First of all we hear about BMJ Best Practice and 67 Bricks
BMJ is a healthcare knowledge provider that advances healthcare worldwide by sharing knowledge and expertise to improve experiences, outcomes and value. BMJ Best Practice is a generalist point of care tool particularly useful for junior doctors, multidisciplinary teams, specialists working outside of their specialty and GPs. It is uniquely structured around the patient consultation with advice on symptom evaluation, test ordering and treatment approach for over 1000 conditions across 30 specialties. BMJ Best Practice provides a rich source of expertise that healthcare professionals rely on every day.
What is the project that you submitted for the Awards?At BMJ Best Practice we wanted to be more innovative with our product development pipeline and user experience in line with our users’ changing needs and expectations. Clinicians increasingly want concise answers at the point of care rather than long-form reference text, but our content was being created, stored and presented as monolithic articles typically extending to thousands of words. This made it difficult to improve the user interface and limited our ability to slice and dice content to power new products or to deliver our content to third parties for integration into granular software systems, for example Electronic Health Record (EHR) systems.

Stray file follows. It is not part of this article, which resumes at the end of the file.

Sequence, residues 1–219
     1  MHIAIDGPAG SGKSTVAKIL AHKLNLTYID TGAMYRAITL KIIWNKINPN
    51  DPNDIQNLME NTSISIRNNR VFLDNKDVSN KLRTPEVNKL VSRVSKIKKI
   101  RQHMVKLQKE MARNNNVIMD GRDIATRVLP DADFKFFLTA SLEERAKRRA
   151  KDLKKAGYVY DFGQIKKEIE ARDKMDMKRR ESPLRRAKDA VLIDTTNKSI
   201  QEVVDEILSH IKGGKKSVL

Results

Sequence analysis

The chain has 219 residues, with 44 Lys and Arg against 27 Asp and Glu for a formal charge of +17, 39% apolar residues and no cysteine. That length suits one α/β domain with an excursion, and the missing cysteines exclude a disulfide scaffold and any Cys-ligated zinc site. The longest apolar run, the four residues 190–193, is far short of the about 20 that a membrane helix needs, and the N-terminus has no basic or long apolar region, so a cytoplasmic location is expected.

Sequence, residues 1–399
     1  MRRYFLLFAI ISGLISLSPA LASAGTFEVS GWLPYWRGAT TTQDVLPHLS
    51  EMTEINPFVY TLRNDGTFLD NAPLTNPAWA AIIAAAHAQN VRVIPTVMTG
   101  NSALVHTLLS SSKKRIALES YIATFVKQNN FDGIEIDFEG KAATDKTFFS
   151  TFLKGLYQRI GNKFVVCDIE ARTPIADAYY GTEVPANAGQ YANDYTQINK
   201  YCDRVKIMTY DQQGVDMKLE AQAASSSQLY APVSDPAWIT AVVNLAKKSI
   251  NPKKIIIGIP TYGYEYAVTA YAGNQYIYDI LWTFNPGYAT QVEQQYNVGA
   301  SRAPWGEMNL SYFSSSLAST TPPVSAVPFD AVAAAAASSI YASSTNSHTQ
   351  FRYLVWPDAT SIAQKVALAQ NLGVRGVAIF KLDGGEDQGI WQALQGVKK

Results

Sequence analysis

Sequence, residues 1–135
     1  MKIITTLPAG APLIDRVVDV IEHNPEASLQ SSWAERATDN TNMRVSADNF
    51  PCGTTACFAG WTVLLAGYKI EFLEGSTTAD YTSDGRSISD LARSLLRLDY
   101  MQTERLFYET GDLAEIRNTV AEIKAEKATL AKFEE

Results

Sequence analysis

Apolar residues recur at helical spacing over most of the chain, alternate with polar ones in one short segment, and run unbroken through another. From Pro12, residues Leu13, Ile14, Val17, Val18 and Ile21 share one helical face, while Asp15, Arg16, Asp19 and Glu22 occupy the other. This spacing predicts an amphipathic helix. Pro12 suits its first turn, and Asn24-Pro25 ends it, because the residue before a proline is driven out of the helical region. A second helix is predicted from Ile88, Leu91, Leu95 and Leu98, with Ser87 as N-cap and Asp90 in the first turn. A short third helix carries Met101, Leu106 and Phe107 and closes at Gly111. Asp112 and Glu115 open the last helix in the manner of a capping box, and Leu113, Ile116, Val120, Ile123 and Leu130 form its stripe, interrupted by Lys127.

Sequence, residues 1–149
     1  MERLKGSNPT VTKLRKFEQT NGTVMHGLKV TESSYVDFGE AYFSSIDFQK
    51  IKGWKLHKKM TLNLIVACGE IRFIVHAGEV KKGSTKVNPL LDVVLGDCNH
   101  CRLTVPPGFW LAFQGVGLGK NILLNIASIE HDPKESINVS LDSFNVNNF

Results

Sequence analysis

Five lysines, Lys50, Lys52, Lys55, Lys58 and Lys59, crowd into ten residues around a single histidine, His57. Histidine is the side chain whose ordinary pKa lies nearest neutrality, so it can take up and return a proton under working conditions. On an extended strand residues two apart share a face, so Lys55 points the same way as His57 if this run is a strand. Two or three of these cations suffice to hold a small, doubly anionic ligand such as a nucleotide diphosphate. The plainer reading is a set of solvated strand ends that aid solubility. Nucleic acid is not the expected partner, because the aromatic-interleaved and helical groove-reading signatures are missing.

We therefore took a strategic decision not only to relaunch the product, but to build a completely new editorial production system, and crucially, to reinvent the underlying data structure of the content to make it more granular, flexible and reusable. To help us achieve this we partnered with publishing technology experts 67 Bricks. The success of the project has enabled us to satisfy current market demands, create new market opportunities, upskill our technology team and provides a springboard for further product innovation.
Tell us a little about how it works and the team behind it
The most visible outcome of the project is our relaunched point of care tool, BMJ Best Practice. It is significantly more user focused and we have introduced many new features. For example users now have the ability to:
- switch languages
- receive important updates on the latest evidence changes
- access 400+ calculators
- watch practical videos of common procedures.
- We created a new content model, composed of individually referenceable fragments of content (e.g. assessment, diagnosis), which was refined iteratively throughout the project. More standardised than the old model, it provides us the scope to reuse, repackage and serve up our content in different ways.
- A Knowledge Base API was built to allow the new website to retrieve the content to power innovative front-end features such as enhanced search capability and medical recommendations.This API can also be used by BMJ or new partners to power future products.
- Content enrichment and entity recognition was used to add significantly more value to our existing content, for example to identify drug names and diagnoses.
What are your plans for the future?
Longer term we are in a much improved position. Our content is now more flexible, granular and standardised, which means we have the opportunity to innovate and build commercial partnerships in a way we weren’t able to do before.
Twitter: @BMJBestPractice and @67bricks